Proceedings

First proton–proton collisions at the LHC as observed with the ALICE detector

Figure shows the first pp collision candidate by the event display in the ALICE counting room (3D view).

On 23rd November 2009, during the early commissioning of the CERN Large Hadron Collider (LHC), two counter-rotating proton bunches were circulated for the first time concurrently in the machine, at the LHC injection energy of 450 GeV per beam, allowing all LHC experiments to report first collision candidates.

284 such candidates were recorded by the ALICE experiment, allowing the events to be immediately reconstructed and analyzed. The results obtained by measuring the spatial distribution (specifically, the pseudorapidity density) of charged primary particles in the central region, were found to be consistent with previous measurements in proton-antiproton interactions at the same centre-of-mass energy at the CERN SppS collider (UA5 Collaboration, G.J. Alner et al., Z Phys. C 33 (1986), DOI 10.1007/BF01410446).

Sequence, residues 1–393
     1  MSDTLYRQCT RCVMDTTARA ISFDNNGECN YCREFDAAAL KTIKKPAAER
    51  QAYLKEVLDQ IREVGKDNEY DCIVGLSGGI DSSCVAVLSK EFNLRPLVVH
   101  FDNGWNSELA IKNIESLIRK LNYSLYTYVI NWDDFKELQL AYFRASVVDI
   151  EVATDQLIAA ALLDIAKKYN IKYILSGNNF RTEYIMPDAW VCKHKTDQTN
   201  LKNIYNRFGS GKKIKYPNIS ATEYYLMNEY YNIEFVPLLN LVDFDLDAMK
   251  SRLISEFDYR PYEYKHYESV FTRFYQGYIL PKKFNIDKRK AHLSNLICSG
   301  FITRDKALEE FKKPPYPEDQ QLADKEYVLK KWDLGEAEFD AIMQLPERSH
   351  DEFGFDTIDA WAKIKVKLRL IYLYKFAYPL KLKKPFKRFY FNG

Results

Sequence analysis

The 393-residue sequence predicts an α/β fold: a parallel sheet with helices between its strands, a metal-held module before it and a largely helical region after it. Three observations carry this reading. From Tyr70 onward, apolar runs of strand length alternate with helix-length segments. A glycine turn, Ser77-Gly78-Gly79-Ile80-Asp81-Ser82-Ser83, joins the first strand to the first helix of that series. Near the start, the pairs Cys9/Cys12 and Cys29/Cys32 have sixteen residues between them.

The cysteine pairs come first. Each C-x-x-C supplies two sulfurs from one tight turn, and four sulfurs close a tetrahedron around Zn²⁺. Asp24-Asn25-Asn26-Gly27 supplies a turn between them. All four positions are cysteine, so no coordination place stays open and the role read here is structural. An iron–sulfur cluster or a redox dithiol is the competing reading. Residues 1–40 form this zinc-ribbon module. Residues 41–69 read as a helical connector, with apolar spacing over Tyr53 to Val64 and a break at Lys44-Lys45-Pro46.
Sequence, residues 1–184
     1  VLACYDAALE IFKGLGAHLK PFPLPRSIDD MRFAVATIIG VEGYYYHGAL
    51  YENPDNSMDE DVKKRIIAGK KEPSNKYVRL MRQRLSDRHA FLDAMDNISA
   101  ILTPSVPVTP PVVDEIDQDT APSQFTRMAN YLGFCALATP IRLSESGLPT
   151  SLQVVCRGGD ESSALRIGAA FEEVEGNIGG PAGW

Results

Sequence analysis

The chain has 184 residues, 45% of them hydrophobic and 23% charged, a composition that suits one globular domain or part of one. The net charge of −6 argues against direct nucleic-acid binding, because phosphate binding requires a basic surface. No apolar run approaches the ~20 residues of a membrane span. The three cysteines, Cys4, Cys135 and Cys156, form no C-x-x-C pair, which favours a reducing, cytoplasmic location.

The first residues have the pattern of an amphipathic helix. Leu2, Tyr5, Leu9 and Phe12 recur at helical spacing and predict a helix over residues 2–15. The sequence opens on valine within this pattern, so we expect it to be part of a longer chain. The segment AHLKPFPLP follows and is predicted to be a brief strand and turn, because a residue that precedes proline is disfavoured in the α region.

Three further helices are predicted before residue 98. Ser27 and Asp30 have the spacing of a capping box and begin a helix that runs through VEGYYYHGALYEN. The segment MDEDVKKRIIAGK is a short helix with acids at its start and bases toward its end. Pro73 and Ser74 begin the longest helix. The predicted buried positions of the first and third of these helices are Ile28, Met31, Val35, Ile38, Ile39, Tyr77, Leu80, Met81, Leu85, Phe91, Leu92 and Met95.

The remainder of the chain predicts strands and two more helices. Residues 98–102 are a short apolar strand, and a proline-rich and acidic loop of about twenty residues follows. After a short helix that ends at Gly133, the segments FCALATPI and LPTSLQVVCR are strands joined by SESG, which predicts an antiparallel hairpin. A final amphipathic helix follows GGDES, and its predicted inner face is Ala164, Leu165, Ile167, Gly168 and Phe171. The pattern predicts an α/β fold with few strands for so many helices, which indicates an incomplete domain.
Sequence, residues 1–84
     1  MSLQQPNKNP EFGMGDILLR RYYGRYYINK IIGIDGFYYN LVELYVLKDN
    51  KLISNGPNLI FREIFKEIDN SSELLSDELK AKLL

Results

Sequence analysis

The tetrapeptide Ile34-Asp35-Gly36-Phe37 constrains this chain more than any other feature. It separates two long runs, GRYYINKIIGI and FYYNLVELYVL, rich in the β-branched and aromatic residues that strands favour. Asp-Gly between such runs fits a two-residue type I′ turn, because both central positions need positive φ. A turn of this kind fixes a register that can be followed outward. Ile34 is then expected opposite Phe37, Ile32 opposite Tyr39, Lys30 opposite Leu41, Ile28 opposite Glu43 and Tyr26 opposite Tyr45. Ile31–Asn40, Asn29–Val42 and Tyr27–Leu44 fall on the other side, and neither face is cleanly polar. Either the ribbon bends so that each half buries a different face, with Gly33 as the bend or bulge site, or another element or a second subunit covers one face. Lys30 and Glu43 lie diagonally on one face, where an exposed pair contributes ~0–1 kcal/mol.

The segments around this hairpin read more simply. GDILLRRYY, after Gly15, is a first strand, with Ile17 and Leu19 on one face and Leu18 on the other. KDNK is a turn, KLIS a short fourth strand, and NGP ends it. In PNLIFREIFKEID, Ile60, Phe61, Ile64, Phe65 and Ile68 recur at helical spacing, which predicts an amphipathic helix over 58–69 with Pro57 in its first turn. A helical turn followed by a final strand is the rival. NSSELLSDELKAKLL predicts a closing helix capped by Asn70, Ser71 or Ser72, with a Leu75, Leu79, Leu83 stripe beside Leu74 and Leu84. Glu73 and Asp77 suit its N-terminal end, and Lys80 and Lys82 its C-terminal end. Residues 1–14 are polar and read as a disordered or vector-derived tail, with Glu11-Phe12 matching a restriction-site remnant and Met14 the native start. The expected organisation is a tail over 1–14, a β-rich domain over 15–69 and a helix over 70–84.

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J Schukraft, the ALICE spokesman, said: This important benchmark test illustrates also the excellent functioning and rapid progress of the LHC accelerator, and of both the hardware and software of the ALICE experiment, in this early start-up phase.
The paper is published open access on SpringerLink.com and distributed under the Creative Commons Attribution Noncommercial License.

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Due to rapid progress of studies in the field of particle physics, it is so important to publish the proceedings rapidly after the conference is over. In fact, it took only one and half month to make it public after all the material is prepared on our side. That's amazing !

Dr. Masaya Ishino, Kyoto University, Japan
Co-editor EPJ Web of Conferences vol.49, 2013

ISSN: 2100-014X (Electronic Edition)

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